The DI seeding committee did their job well; in the 12 DI races on the day, there were only two upsets of seeded crews, the Wisconsin 2V upending Duke, and the Rutgers V4 squeezing into the semis over UVA, although UVA may have encountered an issue with debris in their race, and lodged a protest of the outcome of the race, which was subsequently allowed, and UVA was entered in the 7th lane in the V4 semis.
Western Washington showed D2 speed on Day 1
The 2019 NCAAs may mark a return to the top for Western Washington, who took their heat in the D2 eight with the fastest time of the field. Central Oklahoma, the 2018 NCAA D2 champs, won the other heat, as well as their heat in the fours, ahead of: Western Washington. Those two teams will see a lot of each other for the remainder of the weekend, and it will be interesting to see who blinks first.
Bates, who are just over a month removed from the unfamiliar position of chasing a crew during the regular season, arrived in Indianapolis fit to the day, winning both their 1V and 2V heats in a dominating fashion. They will be hard to beat if they can maintain this form. The early-season DIII pacesetters WPI also sent both of their eights through to tomorrow's finals, as did Wellesley, Hamilton and Wesleyan.
The Bates 1V made short work of their heat
The DIII crews had the roughest turnaround today, with just over three hours between the heats and the reps.
With roughly 19 hours from the start of the heats today until the end of the finals tomorrow, the 2019 NCAA DIII Rowing Championships will go on record as one of the quickest ever, whew.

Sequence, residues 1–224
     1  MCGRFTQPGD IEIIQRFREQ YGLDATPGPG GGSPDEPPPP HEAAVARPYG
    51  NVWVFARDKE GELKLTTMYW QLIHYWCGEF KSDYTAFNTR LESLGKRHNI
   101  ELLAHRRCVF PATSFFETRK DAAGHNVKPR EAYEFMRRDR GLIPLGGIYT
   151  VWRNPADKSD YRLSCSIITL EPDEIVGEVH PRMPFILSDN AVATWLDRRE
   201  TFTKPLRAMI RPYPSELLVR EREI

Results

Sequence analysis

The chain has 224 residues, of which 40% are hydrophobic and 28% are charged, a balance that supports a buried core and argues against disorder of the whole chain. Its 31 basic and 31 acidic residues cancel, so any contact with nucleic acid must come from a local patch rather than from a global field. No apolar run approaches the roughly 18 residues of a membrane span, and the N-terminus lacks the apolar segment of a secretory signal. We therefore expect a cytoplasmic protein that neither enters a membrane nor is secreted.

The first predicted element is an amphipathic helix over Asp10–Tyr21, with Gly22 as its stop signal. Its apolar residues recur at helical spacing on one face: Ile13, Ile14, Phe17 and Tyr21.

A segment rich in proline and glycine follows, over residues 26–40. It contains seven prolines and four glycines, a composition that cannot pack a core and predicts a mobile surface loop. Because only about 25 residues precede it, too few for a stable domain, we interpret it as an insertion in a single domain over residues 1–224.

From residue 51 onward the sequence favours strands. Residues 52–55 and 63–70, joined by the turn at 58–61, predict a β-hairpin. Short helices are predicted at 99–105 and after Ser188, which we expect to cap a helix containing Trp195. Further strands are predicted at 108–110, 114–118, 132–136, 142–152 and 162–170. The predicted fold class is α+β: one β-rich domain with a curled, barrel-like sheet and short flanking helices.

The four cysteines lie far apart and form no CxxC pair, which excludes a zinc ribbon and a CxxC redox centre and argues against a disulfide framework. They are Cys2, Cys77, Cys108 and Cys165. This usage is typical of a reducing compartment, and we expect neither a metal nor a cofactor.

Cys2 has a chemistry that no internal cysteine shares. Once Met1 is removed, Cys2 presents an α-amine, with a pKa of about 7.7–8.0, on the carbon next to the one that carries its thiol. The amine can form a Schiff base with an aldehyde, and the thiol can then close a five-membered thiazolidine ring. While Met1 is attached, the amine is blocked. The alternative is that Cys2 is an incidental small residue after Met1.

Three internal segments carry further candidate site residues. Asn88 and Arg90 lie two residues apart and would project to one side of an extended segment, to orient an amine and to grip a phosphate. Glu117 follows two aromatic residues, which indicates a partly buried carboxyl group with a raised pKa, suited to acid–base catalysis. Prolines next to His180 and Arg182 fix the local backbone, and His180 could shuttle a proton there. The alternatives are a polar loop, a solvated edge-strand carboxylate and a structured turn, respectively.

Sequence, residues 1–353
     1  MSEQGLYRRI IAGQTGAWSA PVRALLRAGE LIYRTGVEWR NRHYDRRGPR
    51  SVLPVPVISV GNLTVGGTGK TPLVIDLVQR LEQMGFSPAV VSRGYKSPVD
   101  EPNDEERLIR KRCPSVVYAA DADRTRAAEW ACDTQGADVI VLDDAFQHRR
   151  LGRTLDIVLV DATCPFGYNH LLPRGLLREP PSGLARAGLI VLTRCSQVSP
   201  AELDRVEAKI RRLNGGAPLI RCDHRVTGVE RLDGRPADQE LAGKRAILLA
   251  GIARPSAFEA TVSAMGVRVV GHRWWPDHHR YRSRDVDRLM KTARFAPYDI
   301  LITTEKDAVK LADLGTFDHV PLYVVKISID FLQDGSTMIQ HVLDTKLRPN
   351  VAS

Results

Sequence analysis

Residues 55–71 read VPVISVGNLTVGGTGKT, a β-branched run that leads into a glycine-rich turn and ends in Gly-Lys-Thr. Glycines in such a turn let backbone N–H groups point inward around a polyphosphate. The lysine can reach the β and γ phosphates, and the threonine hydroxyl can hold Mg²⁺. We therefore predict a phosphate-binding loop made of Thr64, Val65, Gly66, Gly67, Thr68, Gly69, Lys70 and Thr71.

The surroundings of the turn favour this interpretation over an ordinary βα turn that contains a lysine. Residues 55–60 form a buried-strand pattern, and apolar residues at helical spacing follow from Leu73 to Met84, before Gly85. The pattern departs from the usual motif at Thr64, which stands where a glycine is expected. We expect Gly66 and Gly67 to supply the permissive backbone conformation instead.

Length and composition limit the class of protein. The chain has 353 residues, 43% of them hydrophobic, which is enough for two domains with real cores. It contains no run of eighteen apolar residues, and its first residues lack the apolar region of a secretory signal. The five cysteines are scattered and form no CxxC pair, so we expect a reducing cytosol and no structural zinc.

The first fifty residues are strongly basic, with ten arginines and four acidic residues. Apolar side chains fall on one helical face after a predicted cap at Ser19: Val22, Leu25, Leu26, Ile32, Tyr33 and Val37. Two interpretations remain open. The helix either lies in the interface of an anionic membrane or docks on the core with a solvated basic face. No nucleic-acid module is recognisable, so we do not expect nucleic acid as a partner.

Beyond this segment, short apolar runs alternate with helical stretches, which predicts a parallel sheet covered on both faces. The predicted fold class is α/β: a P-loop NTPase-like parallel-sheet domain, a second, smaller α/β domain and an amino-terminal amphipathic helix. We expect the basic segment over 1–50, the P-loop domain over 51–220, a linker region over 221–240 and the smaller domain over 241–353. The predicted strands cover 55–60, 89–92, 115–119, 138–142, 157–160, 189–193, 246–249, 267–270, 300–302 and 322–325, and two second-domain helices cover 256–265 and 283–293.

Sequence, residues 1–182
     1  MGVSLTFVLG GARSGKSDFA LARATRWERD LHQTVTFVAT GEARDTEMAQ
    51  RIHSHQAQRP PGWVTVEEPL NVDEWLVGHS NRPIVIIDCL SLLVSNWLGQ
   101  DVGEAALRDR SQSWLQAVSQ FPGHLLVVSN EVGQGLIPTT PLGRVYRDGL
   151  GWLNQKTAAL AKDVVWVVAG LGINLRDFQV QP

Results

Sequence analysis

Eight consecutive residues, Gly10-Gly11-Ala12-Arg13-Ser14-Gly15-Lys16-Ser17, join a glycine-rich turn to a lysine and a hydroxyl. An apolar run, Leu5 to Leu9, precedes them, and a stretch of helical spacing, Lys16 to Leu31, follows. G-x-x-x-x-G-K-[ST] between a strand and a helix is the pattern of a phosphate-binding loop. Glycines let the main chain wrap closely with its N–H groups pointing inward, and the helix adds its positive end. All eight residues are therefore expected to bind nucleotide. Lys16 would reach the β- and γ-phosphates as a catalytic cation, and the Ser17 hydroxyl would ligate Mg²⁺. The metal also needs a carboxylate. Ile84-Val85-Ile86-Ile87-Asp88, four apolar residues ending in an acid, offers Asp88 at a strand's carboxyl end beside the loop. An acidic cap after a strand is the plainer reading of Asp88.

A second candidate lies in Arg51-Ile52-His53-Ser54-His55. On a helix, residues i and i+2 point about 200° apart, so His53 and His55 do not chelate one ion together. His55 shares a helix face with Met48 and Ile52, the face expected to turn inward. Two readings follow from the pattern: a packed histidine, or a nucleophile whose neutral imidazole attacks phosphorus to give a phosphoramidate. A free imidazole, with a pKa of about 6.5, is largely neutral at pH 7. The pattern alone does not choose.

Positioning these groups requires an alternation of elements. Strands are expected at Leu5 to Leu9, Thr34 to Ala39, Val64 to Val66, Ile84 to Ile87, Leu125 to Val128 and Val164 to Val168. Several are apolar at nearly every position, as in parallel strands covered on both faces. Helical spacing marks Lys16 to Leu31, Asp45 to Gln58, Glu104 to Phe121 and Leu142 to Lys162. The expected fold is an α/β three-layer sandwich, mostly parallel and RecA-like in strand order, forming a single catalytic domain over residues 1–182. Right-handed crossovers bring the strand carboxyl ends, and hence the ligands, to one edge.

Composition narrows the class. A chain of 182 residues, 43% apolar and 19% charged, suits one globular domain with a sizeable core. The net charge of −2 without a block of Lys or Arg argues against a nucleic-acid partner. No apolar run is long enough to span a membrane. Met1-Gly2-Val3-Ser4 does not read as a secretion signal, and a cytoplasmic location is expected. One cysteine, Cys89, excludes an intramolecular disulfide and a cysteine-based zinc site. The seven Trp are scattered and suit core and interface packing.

Notes from the Course
That the course was rowable at all today was due to the hours-long effort of a small army of volunteers, who cleared debris, branches and entire trees from the course, mostly by hand, until a crane arrived early in the afternoon. Regatta volunteers are fairly unsung at most regattas, but the crowd from the Indianapolis Rowing Center, nearby IU and the Indiana Sports Group went above and beyond today.
Debris continued to come down the creek above the course during racing today; delays may be possible again tomorrow.
In addition to the changes of the racing progression, the lanes were also redrawn to place seeded crews into lanes 5 & 6 on the course. There is a stone jetty behind the start that extends from the shore to just past lane 4 on the course, with the flow from the dam that feeds into Eagle Creek Reservoir flowing around the jetty and into lanes 5 and 6. Overhead drone footage of the course showed sediment swirling through the racing lanes.
Today may the first time that racing at a West Coast IRA finished before the racing at an East Coast NCAA Championships.
As a favor to regatta announcers, the NCAA should try to avoid putting "Wellesley" and "Wesleyan" into the same heats.
Marist's trip to Indianapolis involved flight cancellations and rebookings; their 25-hour marathon trek to Indy included a night spent in New York's LaGuardia airport, ow.
Massive cleanup on lanes 1-6 (photo courtesy B. Kramer)